It is imperative that the plastic surgeon obtains clear evidence that the patient realizes
there is no healing without scarring..
Rhytidectomy and blepharoplasty
Rhytidectomy (ie, face-lift) and blepharoplasty account for approximately 11% of
Excessive skin removal resulting in a “scary” appearance
Dry eyes and/or inability to close eyes
Nerve damage resulting in distorted expression
Skin slough resulting in excessive scarring and the need for revisional surgery
Cost of additional revisional surgeries (as in evacuation of an expanding
Beware outpatients
In a survey of blindness after blepharoplasty performed some years ago, researchers
discovered that the only trait all patients had in common was that they were
discharged shortly after the outpatient procedure. Upon arrival at home, all did
something (eg, constipated bowel movement, sudden coughing fit, bending over and
reaching down to tie shoes) to generate a sudden rise in blood pressure at the time of
maximal reactive hyperemia as the epinephrine in the local anesthetic wore off.
All patients undergoing outpatient surgery involving undermining of heavily
vascularized tissues must be strictly warned to avoid maneuvers that generate sudden
elevations in blood pressure (ie, Valsalva-type maneuvers). Additionally, it is strongly
recommended that no patient be discharged from an outpatient surgical facility until at
least 3 hours have elapsed and all local anesthetic effects have worn off.
This category of cases constitutes approximately 8% of claims.
Unfulfilled expectations
Unsatisfactory result (improper performance)
Continued breathing difficulties
Cost of revisional surgery
Abdominoplasty, with or without suction-assisted lipectomy, comprises
approximately 3% of claims.
Skin loss with poor scars
Nerve damage
Inappropriate operation
Infection with postoperative mismanagement
Undoubtedly, the combination of suction-assisted lipoplasty and abdominoplasty has
significantly increased morbidity. A much higher percentage of skin sloughs clearly
occurs in procedures preceded by suction-assisted lipectomy.
Skin resurfacing
Chemical peels and laser resurfacing constitute the next category of claims, at
approximately 3%. The principal allegations are as follows:
1) Blistering/burns with significant scarring
2) Infection/postoperative mismanagement
3) Permanent postoperative discoloration
Because of the unpredictability of individual healing characteristics, it is probably a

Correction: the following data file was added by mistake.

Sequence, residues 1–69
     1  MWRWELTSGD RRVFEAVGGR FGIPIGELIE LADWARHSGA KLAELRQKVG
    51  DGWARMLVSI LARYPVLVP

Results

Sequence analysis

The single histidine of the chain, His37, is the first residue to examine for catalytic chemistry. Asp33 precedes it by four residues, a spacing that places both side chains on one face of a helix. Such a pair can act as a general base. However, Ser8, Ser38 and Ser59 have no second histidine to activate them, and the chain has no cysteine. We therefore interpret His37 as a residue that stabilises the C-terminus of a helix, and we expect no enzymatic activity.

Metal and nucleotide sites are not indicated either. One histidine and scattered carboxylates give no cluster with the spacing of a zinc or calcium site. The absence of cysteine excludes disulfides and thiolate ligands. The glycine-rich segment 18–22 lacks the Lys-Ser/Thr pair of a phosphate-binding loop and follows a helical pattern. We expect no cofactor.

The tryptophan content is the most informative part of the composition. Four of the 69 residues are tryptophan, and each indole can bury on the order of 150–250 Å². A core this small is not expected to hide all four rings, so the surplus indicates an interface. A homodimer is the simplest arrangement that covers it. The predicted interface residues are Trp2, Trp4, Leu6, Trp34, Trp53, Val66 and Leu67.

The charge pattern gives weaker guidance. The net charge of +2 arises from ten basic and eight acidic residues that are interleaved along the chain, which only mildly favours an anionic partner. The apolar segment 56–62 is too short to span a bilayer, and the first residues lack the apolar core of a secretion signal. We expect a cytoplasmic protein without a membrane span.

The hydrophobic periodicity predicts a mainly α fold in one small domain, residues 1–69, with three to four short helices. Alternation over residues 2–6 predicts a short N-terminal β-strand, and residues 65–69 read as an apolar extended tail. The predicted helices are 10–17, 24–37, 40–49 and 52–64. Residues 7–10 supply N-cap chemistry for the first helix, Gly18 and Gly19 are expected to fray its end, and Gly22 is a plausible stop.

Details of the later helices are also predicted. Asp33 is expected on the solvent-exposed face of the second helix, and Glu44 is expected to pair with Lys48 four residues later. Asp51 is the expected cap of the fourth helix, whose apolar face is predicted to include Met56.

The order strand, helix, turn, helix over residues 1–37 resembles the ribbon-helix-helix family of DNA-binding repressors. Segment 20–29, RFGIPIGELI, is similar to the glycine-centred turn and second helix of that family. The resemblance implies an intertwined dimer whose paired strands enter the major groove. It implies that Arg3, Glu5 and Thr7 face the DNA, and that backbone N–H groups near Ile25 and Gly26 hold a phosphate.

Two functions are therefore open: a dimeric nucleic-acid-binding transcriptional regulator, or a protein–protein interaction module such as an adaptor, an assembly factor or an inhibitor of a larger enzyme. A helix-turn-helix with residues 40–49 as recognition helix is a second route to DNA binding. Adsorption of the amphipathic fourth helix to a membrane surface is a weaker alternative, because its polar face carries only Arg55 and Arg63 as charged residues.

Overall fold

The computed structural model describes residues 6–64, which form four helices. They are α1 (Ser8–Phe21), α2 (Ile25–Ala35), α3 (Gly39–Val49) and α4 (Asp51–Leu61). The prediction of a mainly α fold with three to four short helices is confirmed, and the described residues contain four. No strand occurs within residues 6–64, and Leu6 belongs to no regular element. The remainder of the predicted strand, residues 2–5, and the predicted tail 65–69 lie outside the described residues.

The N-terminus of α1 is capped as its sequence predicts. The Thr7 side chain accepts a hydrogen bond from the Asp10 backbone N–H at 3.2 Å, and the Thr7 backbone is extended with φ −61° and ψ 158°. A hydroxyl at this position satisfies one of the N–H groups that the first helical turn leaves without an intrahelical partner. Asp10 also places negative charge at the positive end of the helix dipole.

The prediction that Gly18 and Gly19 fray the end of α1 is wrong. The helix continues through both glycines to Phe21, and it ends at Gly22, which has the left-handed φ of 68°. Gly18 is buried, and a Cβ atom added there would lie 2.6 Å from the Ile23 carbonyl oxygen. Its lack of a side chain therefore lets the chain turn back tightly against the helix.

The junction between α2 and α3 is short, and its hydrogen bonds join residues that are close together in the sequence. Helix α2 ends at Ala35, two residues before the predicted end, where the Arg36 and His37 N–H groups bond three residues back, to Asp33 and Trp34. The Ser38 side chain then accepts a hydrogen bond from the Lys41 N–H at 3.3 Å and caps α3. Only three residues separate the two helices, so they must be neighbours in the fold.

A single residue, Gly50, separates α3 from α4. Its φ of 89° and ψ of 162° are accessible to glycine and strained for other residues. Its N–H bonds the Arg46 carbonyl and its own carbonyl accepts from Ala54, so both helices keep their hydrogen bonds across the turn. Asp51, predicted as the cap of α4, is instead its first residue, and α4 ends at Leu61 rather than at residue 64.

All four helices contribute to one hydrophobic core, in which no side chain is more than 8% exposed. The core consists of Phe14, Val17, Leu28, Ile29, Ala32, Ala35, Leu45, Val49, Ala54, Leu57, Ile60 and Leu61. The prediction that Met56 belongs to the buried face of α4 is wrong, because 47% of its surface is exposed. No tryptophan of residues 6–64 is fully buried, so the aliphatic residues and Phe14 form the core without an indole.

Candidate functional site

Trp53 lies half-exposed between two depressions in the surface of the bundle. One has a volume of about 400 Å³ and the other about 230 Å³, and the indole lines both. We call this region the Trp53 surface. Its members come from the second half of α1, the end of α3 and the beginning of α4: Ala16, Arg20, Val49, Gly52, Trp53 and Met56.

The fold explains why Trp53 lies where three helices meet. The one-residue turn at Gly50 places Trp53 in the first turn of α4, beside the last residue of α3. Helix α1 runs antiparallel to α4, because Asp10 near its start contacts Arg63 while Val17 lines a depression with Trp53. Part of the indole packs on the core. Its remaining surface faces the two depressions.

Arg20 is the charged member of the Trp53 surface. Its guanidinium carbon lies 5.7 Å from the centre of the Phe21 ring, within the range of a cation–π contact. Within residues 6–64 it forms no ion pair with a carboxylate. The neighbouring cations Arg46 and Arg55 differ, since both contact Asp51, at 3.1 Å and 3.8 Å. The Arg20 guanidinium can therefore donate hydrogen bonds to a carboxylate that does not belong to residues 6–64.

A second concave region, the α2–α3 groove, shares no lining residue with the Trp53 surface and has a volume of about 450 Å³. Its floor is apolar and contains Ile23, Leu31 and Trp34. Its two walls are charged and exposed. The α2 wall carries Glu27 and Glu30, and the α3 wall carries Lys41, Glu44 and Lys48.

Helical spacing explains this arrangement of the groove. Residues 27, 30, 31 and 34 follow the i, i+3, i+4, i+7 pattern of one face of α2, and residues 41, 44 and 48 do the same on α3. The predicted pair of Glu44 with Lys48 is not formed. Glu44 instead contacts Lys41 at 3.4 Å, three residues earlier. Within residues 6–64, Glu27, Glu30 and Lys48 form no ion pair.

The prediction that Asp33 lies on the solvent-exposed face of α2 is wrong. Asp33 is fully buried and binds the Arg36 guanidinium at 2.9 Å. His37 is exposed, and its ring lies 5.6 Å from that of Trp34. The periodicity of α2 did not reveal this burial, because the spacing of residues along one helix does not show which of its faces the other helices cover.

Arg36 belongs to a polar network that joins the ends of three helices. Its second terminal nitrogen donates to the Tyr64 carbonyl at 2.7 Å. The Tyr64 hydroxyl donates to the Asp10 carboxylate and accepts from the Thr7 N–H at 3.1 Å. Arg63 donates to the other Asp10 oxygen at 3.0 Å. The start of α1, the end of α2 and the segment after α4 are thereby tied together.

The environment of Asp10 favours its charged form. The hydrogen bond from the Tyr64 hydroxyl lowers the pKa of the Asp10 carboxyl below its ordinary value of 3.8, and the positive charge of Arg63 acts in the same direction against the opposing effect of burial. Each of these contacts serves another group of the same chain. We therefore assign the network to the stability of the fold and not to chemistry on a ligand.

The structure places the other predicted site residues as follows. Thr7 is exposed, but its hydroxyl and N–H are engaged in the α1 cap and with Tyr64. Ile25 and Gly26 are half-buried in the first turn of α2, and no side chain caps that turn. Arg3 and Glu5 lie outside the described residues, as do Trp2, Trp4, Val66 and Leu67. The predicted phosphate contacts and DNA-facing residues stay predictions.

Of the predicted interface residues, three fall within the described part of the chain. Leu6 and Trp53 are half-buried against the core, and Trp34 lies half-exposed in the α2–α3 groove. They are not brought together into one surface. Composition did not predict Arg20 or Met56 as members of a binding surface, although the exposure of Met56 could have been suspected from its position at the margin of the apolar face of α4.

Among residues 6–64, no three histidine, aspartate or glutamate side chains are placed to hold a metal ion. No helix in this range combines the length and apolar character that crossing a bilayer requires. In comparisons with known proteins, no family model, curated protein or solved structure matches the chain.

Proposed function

good idea to try a test patch in an area that can be hidden, such as the back of the
neck. The documentation preceding this operation should contain clear warnings that
quality of healing is linked to individualized genetic characteristics and cannot be
predicted. The operator must make it clear to the patient that final color and texture
determinations are not always in the hands of the surgeon and heavy makeup may be
needed for an indeterminate period of time
High-volume liposuction
Any amount above 5000 cc of extracted fat constitutes high volume. More
importantly, the extraction of this amount of fat causes profound physiologic changes,
which can then lead to severe complications and/or death. The infusion of large
amounts of fluid with even a weak solution of lidocaine has also resulted in a number
of deaths as a result of anesthetic overdose.
To worsen matters, these procedures are often combined with other prolonged
operations. The percentage of complications and/or fatal outcomes rises dramatically
for patients undergoing multiple procedures who remain under anesthesia for more
than 6 hours. The following 2 categories of liability arise from conventional assisted
lipectomy procedures:
Minor allegations
Disfigurement and contour irregularities
Major allegations
Unrecognized abdominal perforations requiring life-saving or disabling
secondary surgery, possibly resulting in death
Lidocaine overdose resulting in death
Pulmonary edema from overhydration
Pulmonary embolism and death
Miscellaneous allegations
Approximately 5% of all complaints against plastic and reconstructive surgeons have
to do with miscellaneous allegations.
Untoward reaction to medications or anesthesia
Improper use of preoperative or postoperative photographs
Sexual misconduct (physician or employee)